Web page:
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Renfield Is Too Bloodthirsty To Sink Its Teeth Into Abusive Relationships

From its first trailer, "Renfield" has promised a unique perspective on an old tale. In taking the titular character from Bram Stoker's "Dracula" and putting him in the modern day, the film is able to examine his relationship with his servant through a contemporary lens. The engaging conclusion it comes to is that Renfield (Nicholas Hoult) is the victim of a narcissistic abuser, making his journey a tragically relatable one of personal liberation.

While "Renfield" is certainly at its best when it wades into this territory — and does so with admirable respect — it never gets past the surface level. Characters make statements about abusive relationships (his group therapy sessions are both amusing and clever ways to quickly dig into this theme) but seldom act on them in a way that shapes the plot.

Unfortunately, the dark comedy of Renfield finding his courage to leave Dracula (Nicolas Cage) is bogged down by a convoluted organized crime plot that seems to exist only to facilitate gory (and admittedly impressive) action sequences. Renfield's defeat of his enemy feels purely physical rather than emotional or psychological. With less plot (and less action) on its plate, "Renfield" might have had room to resolve its conflict without an obligatory punch-up.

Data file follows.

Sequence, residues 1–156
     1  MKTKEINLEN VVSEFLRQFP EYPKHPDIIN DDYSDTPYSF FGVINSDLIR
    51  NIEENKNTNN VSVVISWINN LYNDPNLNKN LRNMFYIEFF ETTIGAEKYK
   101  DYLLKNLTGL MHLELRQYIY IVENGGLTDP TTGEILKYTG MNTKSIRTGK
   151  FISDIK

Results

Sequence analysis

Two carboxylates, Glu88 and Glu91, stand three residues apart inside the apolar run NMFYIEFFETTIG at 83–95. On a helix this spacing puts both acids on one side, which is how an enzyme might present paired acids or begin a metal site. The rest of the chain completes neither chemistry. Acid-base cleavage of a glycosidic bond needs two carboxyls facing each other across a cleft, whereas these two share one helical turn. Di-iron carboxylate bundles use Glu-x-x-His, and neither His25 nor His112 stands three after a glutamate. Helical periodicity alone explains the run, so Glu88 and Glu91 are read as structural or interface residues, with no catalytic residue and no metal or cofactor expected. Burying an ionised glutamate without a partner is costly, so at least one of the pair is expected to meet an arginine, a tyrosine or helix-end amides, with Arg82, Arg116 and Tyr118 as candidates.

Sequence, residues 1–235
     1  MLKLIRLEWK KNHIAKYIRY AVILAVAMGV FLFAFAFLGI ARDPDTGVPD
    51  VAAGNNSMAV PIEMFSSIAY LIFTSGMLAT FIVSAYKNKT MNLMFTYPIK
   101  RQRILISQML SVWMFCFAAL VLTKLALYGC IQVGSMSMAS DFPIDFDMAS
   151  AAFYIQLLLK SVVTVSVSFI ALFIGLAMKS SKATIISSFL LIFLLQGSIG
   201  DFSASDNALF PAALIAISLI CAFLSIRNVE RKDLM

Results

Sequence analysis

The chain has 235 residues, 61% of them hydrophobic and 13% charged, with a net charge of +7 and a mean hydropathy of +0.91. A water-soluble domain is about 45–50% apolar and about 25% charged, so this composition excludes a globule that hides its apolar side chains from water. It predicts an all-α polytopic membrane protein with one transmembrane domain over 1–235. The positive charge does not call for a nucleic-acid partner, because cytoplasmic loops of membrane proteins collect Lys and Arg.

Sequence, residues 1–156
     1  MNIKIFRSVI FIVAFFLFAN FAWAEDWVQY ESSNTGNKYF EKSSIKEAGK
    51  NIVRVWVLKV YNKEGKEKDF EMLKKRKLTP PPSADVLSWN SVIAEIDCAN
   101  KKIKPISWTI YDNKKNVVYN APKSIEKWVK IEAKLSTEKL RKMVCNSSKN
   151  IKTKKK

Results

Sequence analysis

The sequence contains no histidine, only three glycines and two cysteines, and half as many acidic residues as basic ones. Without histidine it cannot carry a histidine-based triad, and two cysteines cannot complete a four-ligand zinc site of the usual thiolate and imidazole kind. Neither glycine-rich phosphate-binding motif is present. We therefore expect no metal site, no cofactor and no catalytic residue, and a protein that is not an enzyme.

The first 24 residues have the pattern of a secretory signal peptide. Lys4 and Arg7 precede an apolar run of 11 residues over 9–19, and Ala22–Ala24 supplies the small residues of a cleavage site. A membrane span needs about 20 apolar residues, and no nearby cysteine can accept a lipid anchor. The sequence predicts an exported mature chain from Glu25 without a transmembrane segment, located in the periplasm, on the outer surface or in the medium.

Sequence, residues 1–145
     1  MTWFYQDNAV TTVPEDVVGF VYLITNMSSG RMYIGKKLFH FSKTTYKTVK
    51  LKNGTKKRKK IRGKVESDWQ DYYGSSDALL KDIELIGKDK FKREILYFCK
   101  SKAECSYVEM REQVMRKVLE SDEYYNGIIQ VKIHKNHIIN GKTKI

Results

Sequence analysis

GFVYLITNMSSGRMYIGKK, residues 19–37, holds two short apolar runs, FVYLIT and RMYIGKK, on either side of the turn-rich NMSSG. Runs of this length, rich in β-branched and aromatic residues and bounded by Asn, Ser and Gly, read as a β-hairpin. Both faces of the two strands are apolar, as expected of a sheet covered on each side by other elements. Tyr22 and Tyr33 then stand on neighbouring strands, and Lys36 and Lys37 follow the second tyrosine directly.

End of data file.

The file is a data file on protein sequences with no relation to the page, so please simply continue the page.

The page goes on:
The film's gluttony also extends beyond wanton violence. As bodies pile up around the hero, so do thematic ideas that — while intriguing — never interact in a clear enough way to support each other.

Renfield struggles to bring its many ideas together

The biggest barrier standing between "Renfield" and a meaningful message about abusive relationships is its lack of focus — or perhaps more charitably, a lack of cohesion among its many potentially interesting thematic ideas. While trying to tackle the story of one man's liberation from his narcissistic abuser, "Renfield" also takes on themes of redemption and justice in equal — but separate — measure.

These ideas could theoretically exist in support of one another. In fact, tying these threads into one clear thematic line could have made for an interesting exploration of what justice looks like in an abusive relationship or how a victim might feel inescapable guilt for the actions they had to take in order to survive an abusive relationship.

While it's likely these ideas were at least on the writers' minds, they don't show up in the final product. Instead, liberation, justice, and redemption float disparately, resolved independently of one another in dramatic but relatively shallow ways. With more focus, "Renfield" could've used these secondary ideas efficiently without getting lost in them so much that they distract from the core of the narrative.